Dana-Farber Cancer Institute researchers say they have uncovered a molecular explanation for the episodic attacks of irrational and demented behavior in porphyria, the disease believed to have afflicted "Mad" King George III, the British ruler blamed for the loss of the American colonies in the Revolutionary War.
The mental and physical symptoms of porphyria, a rare genetic blood disease which a number of modern researchers believe plagued King George intermittently throughout his tumultuous reign, can be brought on by fasting and exposure to certain drugs, and is successfully treated by feedings of sugar and high-carbohydrate food. A biological explanation for these nutritional effects has been lacking.
The Dana-Farber scientists say in a report featured on the cover of the August 26 issue of Cell that the nutritional component of porphyria involves a key master metabolic molecule, PGC-1 alpha, in cells of the liver. The gene that makes PGC-1 alpha was isolated in 1998 in the laboratory of Bruce Spiegelman, PhD, who is senior author of the new report. Postdoctoral fellow Christopher Handschin, PhD, is lead author.
"We've explained how porphyria symptoms can occur in episodic attacks triggered by fasting, and why they can be treated by feeding carbohydrates and glucose," says Spiegelman.
King George III suffered from five prolonged, severe episodes of madness during his rule from 1760 to 1820, a period in which he both expanded the British Empire and so stubbornly refused to negotiate with the rebellious American Colonists that they felt only a revolution against England could resolve their grievances. The symptoms recorded at the time sound to modern diagnosticians as typical of porphyria, though the King's attacks were unusual in their severity and that they didn't appear until he was 50.
Several types of porphyria exist, all of them stemming from inher ited mutations that disrupt the body's manufacture of heme. A reddish pigment that contains iron, heme is a building block of the oxygen-carrying hemoglobin in red blood cells. The complex synthesis requires eight different enzymes, and when any of them is deficient because of a mutation, the process is blocked. The resulting back up of "precursor" substances is toxic, and can cause a range of symptoms, including dark colored urine, abdominal pain, nausea, vomiting, constipation, weakness in the limbs, and psychiatric symptoms such as confusion, fits and hallucinations.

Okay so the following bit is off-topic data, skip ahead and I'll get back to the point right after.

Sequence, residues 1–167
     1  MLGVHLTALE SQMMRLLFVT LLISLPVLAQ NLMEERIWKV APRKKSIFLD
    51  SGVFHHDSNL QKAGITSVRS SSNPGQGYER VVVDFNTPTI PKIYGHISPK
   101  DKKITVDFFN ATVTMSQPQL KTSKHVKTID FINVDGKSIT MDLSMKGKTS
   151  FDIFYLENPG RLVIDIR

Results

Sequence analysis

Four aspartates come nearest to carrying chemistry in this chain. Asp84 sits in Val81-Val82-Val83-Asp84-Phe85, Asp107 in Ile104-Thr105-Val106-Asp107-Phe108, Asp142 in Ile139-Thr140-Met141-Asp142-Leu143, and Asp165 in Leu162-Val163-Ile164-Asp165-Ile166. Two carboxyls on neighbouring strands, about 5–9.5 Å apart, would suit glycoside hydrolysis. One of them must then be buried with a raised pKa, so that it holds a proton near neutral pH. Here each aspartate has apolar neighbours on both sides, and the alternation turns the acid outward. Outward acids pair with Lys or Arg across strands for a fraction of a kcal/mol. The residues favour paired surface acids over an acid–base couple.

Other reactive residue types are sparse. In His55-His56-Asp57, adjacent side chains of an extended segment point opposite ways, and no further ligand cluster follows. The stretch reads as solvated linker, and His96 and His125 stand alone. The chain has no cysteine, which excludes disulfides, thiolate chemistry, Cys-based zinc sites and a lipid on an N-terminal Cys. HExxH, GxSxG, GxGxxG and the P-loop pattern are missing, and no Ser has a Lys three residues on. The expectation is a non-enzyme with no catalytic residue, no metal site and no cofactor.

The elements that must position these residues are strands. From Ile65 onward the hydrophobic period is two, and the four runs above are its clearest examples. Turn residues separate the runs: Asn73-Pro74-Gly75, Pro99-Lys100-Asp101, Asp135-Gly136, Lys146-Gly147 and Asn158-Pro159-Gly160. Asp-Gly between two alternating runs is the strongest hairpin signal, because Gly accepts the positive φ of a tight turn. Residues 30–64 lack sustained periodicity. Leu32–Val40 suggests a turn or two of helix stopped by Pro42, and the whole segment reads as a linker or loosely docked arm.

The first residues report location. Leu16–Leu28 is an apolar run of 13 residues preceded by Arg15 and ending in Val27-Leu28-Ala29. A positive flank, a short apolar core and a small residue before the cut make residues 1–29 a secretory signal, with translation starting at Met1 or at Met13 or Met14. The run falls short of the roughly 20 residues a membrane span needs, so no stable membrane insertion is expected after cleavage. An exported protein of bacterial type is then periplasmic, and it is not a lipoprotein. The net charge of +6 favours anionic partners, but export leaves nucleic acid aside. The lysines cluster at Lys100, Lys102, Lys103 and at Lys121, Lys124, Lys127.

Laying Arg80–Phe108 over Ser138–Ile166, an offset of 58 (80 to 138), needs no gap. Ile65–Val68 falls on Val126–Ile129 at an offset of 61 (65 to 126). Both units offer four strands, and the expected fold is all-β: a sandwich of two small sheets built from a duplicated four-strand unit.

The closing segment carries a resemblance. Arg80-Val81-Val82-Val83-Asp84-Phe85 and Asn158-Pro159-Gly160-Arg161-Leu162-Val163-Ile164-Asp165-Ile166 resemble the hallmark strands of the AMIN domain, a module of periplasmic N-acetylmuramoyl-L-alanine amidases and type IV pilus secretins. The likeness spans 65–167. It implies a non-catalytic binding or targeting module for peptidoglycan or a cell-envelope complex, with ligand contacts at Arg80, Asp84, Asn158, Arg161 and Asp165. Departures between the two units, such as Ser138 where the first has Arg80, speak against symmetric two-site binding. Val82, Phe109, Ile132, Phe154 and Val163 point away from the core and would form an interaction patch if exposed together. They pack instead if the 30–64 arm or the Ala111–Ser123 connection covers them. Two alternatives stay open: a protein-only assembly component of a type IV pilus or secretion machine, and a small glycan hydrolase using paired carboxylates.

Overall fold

Earlier this year, the British journal Lancet published a report saying that a test of strands of George III's hair contained arsenic, which can provoke porphyria attacks. The authors of that report suggested that, ironically, he may have been exposed to arsenic contamination of a substance his doctors gave him as treatment.
PGC-1 alpha is a "transcriptional coactivator" that acts as an on-off switch for a number of genes involved in manufacture of glucose in the liver and in the "heating system" of brown fat cells that help prevent damage from cold in certain animals.
With their intimate knowledge of PGC-1 alpha and its varied roles in energy metabolism, the Dana-Farber researchers wondered if it might be involved in porphyria, since PGC-1 alpha is a regulator of heme manufacture in the liver. One of its actions is controlling the activity of the ALAS-1 gene that makes a protein that's crucial to the normal manufacture of heme. A defect in this genetic signaling pathway could cause ALAS-1 to accumulate in high levels, leading to the symptoms of porphyria attacks.
"We found that PGC-1 alpha is an important factor controlling the expression of ALAS-1 in the fasted and fed liver," the authors write. "Moreover, we showed that hepatic [in the liver] PCG-1 alpha is a major determinant of the severity of acute porphyric attacks in mouse models of chemical porphyria."< p>Through a series of experiments with normal mice and those engineered to lack the PGC-1 alpha gene, the researchers said they have provided "a clear-cut mechanism" linking fasting to an increase in PGC-1 alpha, and, in turn, overactivity of the ALAS-1 gene. The therapeutic effect of glucose and high-carbohydrate diets on porphyria, they add, occurs because glucose causes the pancreas to make more insulin, which results in suppression of the PGC-1 alpha gene.
The findings suggest that patients with porphyria should avoid any drugs or foods that turn on PGC-1 alpha activity in the liver, the researchers say. There could be implications for treatment as well: high-carbohydrate diets aren't a satisfactory therapy for affected patients as it make them gain, and fasting in order to lose the weight risks provoking attacks. Hopefully, the researchers say, it might be possible to develop more specific treatments now that the mechanism underlying the symptoms of porphyria is better understood.